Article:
Fats: the Good and the Bad
Over the last several years, I’ve written a plethora of blog posts about the three hoaxes of the apothecary: statin drugs, cholesterol, and saturated fats.
Hmmm. My penultimate post was titled The Bible and the Toyota. Unwittingly, I seem to be waxing biblical again with this opening, a word play on … well, you probably figured it out.
The three are closely related. For almost six decades, the medical establishment has propagated the myths that cholesterol and saturated fats are bad, and statin drugs mitigate the deleterious effects of those evil substances. In fact, the opposite is true: cholesterol is a necessary ingredient of our bodies’ chemistry; saturated fats are at best salutary and at worst neutral; and statins are poisons that interfere with the proper functioning of those essential dietary components.
I’m older than I want to admit, but suffice it to say that, in my advanced age, I have defied, even contradicted, American medicine’s dictums on healthy eating and its results. I eat foods high in saturated fats like they’re going out of style – which, come to think of it, they have. Butter, coconut oil, eggs daily, cheese, whole milk, all-natural or organic beef, pork and chicken: I devour them.
According to the conventional medical watchdogs, my LDL cholesterol level should be through the roof, and I’m in grave danger of a heart attack unless I take a statin drug. Dear reader, I wouldn’t take a statin drug if you put a gun to my heart. Why? My recent blood work showed total cholesterol of 180, HDL at 80, LDL at 87, and triglycerides at 47. So the ratio of HDL to the total is 44.4 percent. The medical watchdogs say the ideal to strive for is 25 percent.
But even if I did have an elevated LDL level, I wouldn’t take a statin drug. The reason for a high level would be consumption of foods high in sugar and vegetable oils, found in almost all processed foods, and a lack of exercise. The bad diet produces inflammation in the arteries, and the liver produces LDL to combat that inflammation. So I’d minimize the sugars, eat foods high in animal fats, and get my fanny off the couch and into an exercise routine.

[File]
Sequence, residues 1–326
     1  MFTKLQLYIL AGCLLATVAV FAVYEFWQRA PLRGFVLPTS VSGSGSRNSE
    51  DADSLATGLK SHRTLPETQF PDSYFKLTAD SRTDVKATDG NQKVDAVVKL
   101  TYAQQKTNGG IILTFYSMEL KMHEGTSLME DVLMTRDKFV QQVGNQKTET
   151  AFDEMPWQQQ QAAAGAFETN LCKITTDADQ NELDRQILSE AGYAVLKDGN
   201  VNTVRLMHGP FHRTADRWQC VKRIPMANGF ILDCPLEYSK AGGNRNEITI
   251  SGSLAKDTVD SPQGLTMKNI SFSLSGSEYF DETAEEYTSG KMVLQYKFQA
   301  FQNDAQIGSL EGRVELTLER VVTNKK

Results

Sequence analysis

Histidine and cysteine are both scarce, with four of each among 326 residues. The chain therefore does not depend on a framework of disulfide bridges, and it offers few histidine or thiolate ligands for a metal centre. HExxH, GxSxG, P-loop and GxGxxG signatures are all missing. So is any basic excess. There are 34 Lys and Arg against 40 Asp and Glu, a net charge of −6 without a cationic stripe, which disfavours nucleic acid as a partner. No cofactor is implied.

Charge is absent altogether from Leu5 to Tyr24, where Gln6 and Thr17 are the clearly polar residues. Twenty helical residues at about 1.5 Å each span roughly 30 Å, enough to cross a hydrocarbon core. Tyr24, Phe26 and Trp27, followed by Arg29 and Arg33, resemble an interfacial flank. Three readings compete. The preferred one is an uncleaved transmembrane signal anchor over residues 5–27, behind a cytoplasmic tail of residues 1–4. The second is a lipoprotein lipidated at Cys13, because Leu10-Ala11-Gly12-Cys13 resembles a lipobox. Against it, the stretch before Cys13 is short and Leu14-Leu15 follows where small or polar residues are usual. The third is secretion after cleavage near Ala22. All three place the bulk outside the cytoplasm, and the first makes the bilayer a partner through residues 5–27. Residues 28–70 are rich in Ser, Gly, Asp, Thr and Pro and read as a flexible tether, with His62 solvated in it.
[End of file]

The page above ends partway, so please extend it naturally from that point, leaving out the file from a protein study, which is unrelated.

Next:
So there you have a layman’s take on the medical myths that have wreaked havoc on the health of the population. In previous blog posts, I reference medical experts – not the ones whose prescriptions go out en masse, but their lower-profile, contrarian colleagues.
Recently, I came across another of these outside-the-box doctors, whose exegesis of the development of the
Mitchell references a huge study of 136,905 heart attack patients at 541 hospitals, which found 75 percent had normal LDL levels. “In fact,” he writes, “research continues to show that most major heart attacks occur in people with normal levels of cholesterol,” and “our education – or brainwashing – on this subject has more to do with drug company profits than sound science.
Dr. David Brownstein
“I’ll tell you what happened. The drug companies figured out how to lower cholesterol, and then they just needed to make cholesterol a bogeyman to sell these drugs by the boatload. And the U.S. government was happy to oblige on that. But think about it – your body is a miracle of harmonious biochemistry. And your body makes cholesterol. So, why would it make something that poisons you? … There is no such thing as ‘bad cholesterol.’ That’s drug company marketing.